I'm just saying that if you lower the clearance on your car, you might have problems. For example, slam the car with lower shocks and springs and then put on a bar that's quite a bit thicker, and suddenly you have a lot less clearance than you might expect from the specifications.

Onto the other point made...a larger anti-sway (or torsion) bar will flatten cornering attitude, but might actually increase wheel hop or wiggle in a high speed panice stop. You are tying the two rear wheels together with a thicker piece of metal, making them react in a more uniform manner...if the handling you are complaining about is caused by the wheels wandering, will it be better or worse with the wheels locked together?

Indie500L
09-12-2013, 12:10 PM
Might be a good idea to test to see if it was the ABS kicking in at high speed that caused the wiggle or in fact some tire / traction issues. If the front tires were locking up and releasing then it would cause the wiggle and have nothing to do with the back end at all.

Vlavsky
09-13-2013, 07:44 PM
I drove by the site of this incident today. The road is actually fairly smooth. After reading all the replies I came to the conclusion that it's just a weight distribution issue as many have mentioned. I still think that a stiffer suspension set up would at least eliminate some of that wobble. Am I the only one tsht thinks the stock set up is on the softer side?

redred
09-13-2013, 07:59 PM
Yes I believe a better suspension setup, especially the rear, would help

Abarth Five O
09-13-2013, 09:04 PM
64/36 nose heavy weight distribution and high COG makes this platform tippy w/ roll over tendencies at high speeds. I agree, a combination of improvements, including suspension upgrades, would significantly improve this tendency, but good wheels, tires and tire pressure should not be overlooked. I know when I replaced the stock 17" wheels and P zeroes w/ NeuSpeed wheels, Falken Azenis tires w/ the correct tire pressure, it greatly improved handling at low and high speeds and made the car feel much more planted and stable.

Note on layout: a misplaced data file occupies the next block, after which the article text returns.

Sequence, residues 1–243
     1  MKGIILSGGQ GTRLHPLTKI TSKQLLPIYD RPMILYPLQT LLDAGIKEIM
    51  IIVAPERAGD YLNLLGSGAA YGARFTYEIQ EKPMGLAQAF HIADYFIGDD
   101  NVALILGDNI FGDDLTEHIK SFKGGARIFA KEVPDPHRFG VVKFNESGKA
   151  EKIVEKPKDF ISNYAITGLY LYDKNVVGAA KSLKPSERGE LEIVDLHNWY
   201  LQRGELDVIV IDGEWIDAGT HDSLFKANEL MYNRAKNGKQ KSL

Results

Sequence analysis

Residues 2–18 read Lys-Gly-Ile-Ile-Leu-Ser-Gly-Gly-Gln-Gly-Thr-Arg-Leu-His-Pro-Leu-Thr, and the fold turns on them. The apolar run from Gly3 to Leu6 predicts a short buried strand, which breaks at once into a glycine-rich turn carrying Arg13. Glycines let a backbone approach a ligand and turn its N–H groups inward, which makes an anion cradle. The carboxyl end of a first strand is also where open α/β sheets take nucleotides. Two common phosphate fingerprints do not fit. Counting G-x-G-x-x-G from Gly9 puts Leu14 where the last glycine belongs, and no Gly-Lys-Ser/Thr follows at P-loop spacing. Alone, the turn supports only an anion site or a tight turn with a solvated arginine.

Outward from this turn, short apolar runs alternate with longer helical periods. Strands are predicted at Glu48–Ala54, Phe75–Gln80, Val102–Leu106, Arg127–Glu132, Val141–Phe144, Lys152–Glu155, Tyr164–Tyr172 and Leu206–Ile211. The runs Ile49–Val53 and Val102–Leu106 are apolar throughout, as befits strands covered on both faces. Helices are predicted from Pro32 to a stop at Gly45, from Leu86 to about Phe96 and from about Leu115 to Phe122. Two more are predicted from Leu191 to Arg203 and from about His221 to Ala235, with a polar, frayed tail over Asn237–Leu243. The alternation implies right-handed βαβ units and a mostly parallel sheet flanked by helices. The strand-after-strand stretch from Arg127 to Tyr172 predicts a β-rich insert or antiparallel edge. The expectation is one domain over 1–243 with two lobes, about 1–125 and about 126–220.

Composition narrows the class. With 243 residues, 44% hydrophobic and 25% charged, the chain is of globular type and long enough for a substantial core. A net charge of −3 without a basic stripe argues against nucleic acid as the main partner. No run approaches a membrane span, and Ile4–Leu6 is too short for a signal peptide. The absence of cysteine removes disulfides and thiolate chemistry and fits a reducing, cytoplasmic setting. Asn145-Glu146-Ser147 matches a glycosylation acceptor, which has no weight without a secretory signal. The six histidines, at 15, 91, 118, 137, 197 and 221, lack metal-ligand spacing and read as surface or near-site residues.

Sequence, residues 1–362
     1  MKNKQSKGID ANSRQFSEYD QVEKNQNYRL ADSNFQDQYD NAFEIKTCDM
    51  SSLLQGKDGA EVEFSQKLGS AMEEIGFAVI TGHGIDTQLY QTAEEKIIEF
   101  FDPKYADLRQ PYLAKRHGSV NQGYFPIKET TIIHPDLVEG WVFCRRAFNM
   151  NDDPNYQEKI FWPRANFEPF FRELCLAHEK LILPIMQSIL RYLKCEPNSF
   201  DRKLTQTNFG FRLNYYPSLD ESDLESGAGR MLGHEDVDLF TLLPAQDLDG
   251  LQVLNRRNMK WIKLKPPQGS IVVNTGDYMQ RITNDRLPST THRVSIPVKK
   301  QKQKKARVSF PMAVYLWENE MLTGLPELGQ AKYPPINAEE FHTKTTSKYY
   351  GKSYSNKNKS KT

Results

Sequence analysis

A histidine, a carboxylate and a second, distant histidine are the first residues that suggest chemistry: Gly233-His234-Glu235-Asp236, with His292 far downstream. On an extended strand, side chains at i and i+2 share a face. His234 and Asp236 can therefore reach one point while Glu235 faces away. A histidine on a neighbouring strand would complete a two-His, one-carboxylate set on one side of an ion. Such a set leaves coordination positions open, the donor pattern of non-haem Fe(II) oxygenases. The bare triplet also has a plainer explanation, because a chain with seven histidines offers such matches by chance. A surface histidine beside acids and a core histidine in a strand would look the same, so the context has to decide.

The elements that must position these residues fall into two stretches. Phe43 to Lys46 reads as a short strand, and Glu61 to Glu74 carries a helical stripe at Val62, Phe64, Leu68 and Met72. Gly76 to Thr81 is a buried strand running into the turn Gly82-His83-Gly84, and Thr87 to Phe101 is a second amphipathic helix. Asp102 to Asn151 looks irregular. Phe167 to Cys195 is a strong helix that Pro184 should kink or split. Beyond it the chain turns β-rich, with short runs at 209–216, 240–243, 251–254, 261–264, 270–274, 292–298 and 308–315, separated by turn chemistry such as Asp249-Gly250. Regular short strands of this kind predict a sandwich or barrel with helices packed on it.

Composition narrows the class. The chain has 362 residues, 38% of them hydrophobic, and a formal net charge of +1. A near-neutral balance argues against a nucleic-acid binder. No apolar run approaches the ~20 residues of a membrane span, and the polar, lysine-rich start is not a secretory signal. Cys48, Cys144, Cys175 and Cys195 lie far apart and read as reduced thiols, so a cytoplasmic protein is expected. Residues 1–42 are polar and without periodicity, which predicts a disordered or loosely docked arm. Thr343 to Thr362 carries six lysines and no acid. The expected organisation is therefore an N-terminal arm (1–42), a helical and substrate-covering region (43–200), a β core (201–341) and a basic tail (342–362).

AnthonyV
09-13-2013, 09:12 PM
I drove by the site of this incident today. The road is actually fairly smooth. After reading all the replies I came to the conclusion that it's just a weight distribution issue as many have mentioned. I still think that a stiffer suspension set up would at least eliminate some of that wobble. Am I the only one tsht thinks the stock set up is on the softer side?

Stock spring rates are 195/210. Stock Abarth weighs about about 2500 lbs, by comparison looking at a stock Subaru STi that weighs 3,384 lbs and has stock spring rates 188/173 (also a performance car keep in mind). The FIAT which is nearly 900lbs lighter, yet still has higher spring rates. Granted both car's have different motion ratios and weight distribution, but just for comparison sake, the Abarth is hardly a softly sprung car for it's weight. Especially for a road car! For driving enthusiasts, this is good news. It basically means the manufacture took care of that part for us.